The stories I write feature ghosts, witches, magic, and various other stuff that is patently not real. However, I’m still writing from experience. Confused? Let’s chat.

a hand writing in a notebook in front of a fireplace with the text "Are All Writers Writing From Experience?"

I have feelings and thoughts about the writing experience, and this blog has been my attempt to make them everyone’s problem. Which is to say that I have a lot to say about writing and my writing life, and I can’t stop screaming them into the internet void. And one of the things I think we don’t talk about enough in the genre fiction community is writing from experience.

I’m not talking about how to write a book about personal experiences. I’m talking about how personal experiences shape the work we do and inform what we portray in our writing. If you’re a life writer, you get this.

To me, what makes a story a good story is how much I can relate to it. So even if I’m reading about someone fighting aliens or hunting werewolves, if I can relate to the emotions and human elements in the story, it’s going to mean more than it would otherwise.

Not all writers are writing from experience, and that’s not necessarily a bad thing. But before we go any further, let’s talk about what writing from experience means.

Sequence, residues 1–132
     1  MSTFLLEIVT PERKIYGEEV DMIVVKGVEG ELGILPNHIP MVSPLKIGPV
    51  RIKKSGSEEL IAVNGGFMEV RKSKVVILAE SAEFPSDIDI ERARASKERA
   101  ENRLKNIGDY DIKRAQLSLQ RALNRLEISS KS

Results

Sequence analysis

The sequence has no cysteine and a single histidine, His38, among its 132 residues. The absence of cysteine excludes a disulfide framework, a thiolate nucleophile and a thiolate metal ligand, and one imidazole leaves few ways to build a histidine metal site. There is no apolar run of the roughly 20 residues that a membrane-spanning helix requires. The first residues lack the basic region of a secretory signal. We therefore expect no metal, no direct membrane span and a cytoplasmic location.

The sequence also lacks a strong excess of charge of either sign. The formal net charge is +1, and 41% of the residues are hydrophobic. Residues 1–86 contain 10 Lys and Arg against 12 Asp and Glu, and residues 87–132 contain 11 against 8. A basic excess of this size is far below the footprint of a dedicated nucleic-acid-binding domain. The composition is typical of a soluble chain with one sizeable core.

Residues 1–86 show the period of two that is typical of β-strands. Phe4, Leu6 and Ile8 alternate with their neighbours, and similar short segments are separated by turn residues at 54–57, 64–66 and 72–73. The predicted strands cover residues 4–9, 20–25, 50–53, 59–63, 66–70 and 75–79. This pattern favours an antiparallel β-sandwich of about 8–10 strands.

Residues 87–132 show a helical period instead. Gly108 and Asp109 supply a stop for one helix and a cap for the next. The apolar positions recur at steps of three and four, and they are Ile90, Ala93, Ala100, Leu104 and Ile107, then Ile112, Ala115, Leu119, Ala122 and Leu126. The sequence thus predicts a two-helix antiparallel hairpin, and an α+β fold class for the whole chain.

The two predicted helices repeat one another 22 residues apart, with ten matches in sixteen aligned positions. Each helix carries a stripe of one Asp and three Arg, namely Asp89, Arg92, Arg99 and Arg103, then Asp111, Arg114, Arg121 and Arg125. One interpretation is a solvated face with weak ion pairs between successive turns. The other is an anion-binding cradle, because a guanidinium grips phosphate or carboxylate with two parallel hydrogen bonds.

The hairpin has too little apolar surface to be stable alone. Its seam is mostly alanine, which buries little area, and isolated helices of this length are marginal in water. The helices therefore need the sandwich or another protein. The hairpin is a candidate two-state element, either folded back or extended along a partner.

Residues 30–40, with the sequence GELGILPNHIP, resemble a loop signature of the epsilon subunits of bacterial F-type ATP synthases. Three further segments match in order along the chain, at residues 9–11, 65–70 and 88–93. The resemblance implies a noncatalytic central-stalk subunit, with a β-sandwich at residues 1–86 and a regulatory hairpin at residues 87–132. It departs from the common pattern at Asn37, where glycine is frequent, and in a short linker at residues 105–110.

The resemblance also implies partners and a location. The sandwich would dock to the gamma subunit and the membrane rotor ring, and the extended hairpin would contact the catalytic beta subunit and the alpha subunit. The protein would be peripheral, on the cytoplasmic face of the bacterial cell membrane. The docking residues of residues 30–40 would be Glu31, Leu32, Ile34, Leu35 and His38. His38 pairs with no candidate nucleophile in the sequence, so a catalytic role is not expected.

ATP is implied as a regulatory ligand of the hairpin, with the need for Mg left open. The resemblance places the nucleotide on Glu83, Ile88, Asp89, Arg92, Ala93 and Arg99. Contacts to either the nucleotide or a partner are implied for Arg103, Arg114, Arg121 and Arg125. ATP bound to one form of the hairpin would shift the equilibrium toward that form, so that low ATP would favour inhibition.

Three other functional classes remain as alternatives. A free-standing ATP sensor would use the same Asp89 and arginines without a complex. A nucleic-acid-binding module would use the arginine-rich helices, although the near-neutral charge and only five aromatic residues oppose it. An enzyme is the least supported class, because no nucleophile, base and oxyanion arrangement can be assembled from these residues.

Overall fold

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What Does Writing From Experience Mean?

To me, writing from experience means taking your own life experiences and injecting them into your story. That might be the actual plot of a story or events in the story itself. It may also just be emotions and the repercussions of those emotions.

I lived my twenties in a way that was probably unhealthy, but also, led to a whole wealth of experiences that perhaps I shouldn’t have had. I will not be elaborating on this one, but if you know, you know. And I did that because I believed that authors who write from personal experience can put more into their work than those who don’t.

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Yes, I acknowledge that a lot of writing is making shit up. I spend hours every week just making shit up. But I can ground that made up shit in real stuff, which makes it stronger overall.